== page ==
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Nordichardware Leaks Ivy Bridge OC results (more records at 6.9G)


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Just found this news on a local site called Hardware.info (http://nl.hardware.info/nieuws/26951/intel-core-i7-3770k-verbreekt-superpi-records)


Original link: http://www.nordichardware.com/news/79-overclocking/45573-intel-ivy-bridge-runs-superpi-i-at-nearly-7-ghz-exclusive.html








The first samples of Intel's brand new 'Ivy Bridge' generation processors circulating for a while in the less formal system, much to the dismay of the chip giant. It is therefore no surprise that we of the new generation Core i7 processors for socket LGA 1155 can expect, because the specifications, the overclocking results and the pre-order prices are already known for some time. Luckily let overclockers who already have such a 22nm processor in order to not deter yet to publish benchmark results in the maximum stable clock speed of the chip is checked.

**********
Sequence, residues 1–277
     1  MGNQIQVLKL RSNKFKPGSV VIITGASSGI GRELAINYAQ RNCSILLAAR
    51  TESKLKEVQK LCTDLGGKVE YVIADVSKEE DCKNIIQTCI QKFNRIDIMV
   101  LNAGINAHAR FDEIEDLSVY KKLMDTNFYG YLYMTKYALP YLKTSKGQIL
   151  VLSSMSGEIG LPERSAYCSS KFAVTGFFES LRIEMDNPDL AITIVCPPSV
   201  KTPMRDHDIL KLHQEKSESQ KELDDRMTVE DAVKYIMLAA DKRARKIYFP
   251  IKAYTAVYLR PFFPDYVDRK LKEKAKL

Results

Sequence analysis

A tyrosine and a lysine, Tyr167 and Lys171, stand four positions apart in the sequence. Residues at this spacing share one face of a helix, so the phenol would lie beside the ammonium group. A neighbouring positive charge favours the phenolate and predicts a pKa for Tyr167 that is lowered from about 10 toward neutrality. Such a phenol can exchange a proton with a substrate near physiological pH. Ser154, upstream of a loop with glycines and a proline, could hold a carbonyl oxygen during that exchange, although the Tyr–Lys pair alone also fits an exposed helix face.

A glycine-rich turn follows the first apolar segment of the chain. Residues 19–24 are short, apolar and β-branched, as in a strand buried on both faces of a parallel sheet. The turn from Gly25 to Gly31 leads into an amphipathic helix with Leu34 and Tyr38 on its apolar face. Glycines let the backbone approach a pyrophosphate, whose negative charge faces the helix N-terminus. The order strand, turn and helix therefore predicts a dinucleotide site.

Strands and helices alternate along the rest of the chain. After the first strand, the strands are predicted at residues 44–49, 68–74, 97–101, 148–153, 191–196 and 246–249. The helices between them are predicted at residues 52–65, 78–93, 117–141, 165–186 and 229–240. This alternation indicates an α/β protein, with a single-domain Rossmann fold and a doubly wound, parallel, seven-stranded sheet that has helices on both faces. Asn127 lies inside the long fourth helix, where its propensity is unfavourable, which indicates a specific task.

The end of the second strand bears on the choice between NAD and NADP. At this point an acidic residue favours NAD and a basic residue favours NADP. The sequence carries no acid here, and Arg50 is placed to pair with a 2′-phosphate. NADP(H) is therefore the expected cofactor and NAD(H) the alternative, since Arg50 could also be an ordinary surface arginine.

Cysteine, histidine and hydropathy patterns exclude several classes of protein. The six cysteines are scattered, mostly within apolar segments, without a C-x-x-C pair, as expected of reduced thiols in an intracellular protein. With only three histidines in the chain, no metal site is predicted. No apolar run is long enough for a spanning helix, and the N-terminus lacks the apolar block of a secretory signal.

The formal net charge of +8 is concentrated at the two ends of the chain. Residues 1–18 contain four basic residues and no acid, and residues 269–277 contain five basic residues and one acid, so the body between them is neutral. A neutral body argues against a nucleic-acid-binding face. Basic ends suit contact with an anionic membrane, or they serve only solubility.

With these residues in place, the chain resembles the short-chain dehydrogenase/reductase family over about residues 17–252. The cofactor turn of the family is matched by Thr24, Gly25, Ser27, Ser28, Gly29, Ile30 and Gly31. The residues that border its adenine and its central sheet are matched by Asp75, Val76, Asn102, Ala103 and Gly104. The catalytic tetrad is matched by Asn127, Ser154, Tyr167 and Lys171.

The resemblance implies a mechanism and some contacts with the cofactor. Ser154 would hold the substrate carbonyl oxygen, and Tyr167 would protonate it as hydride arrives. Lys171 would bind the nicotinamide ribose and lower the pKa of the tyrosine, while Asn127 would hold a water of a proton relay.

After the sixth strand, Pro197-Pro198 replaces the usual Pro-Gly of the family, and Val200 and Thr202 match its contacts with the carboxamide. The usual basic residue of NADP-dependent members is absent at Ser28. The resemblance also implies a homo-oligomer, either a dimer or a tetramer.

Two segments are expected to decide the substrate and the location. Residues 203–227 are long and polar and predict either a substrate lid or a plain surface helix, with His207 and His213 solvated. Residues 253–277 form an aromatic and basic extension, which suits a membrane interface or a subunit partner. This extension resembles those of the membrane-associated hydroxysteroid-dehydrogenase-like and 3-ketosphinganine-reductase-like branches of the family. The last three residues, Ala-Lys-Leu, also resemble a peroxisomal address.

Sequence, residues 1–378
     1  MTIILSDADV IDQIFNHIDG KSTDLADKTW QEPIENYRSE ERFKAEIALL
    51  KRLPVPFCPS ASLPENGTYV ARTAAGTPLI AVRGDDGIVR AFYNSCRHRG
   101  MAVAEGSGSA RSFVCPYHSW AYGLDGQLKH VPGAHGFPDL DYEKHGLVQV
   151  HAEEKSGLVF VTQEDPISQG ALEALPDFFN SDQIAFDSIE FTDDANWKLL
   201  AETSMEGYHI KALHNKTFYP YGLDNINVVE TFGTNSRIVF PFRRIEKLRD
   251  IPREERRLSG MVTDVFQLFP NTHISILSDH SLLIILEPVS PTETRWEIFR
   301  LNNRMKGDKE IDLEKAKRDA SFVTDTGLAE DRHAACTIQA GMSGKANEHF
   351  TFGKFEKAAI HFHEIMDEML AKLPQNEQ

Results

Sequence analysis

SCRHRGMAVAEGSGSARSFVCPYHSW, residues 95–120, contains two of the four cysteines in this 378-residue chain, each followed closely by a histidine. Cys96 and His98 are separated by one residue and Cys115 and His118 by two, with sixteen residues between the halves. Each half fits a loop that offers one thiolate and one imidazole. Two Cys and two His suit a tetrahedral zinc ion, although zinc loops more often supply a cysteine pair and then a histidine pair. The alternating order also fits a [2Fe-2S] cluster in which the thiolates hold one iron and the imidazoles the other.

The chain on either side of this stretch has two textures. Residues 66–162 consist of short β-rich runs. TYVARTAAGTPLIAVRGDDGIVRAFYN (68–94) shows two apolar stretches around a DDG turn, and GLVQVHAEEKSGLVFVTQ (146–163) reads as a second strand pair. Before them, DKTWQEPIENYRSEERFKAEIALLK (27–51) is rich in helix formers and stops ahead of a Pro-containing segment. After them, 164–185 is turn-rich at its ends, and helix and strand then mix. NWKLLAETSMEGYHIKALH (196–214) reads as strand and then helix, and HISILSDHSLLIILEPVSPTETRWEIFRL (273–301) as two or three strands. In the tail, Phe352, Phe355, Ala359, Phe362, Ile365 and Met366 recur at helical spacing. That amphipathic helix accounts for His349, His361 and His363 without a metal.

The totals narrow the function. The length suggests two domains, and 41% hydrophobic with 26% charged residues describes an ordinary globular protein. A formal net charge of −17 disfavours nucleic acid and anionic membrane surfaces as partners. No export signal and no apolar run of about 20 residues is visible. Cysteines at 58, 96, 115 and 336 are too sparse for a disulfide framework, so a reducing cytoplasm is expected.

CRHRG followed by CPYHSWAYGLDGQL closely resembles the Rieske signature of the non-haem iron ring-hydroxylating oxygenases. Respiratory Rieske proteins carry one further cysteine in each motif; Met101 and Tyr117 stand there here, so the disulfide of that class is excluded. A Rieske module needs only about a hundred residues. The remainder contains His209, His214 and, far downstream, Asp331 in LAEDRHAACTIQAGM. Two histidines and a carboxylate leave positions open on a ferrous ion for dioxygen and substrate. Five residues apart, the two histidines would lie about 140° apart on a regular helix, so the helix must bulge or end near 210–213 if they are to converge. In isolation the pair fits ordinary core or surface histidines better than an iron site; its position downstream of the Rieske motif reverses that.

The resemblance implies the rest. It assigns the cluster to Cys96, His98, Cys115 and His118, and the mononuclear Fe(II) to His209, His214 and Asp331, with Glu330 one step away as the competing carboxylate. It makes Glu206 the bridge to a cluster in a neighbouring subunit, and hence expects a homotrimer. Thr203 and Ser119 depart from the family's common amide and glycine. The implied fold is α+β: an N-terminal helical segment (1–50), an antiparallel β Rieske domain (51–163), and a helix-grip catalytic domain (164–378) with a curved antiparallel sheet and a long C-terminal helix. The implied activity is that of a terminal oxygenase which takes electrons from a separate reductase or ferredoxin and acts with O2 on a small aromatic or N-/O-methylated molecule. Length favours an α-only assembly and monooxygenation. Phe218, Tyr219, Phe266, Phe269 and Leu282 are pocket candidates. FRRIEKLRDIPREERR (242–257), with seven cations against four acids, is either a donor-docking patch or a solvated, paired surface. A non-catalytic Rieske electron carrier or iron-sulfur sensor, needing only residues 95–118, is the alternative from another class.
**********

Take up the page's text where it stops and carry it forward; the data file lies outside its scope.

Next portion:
At Nordic Hardware has managed to lay one hand on an exclusive benchmarks, made with a heavily overclocked Core i7 3770K quad-core processor. If SuperPi benchmark has been dug up an old benchmark the speed of a core can test. This shows that the new generation of Ivy Bridge processors under liquid nitrogen to be able to go through the test is stable at a speed of 6961 MHz. That's faster than the fastest 'Sandy Bridge generation CPU that once this benchmark has gone through (that was a Core i7 2600K at 6042 MHz) and also faster than the highest measured clock speed on a "Gulftown" processor (a Core i7 980X to 6930 MHz). The world record SuperPi 1M in state at time of writing at 5.781 seconds, achieved with the aforementioned Core i7 980X six-core processor. The highest clocked Core i7 2600K set a time of 6.109 seconds down.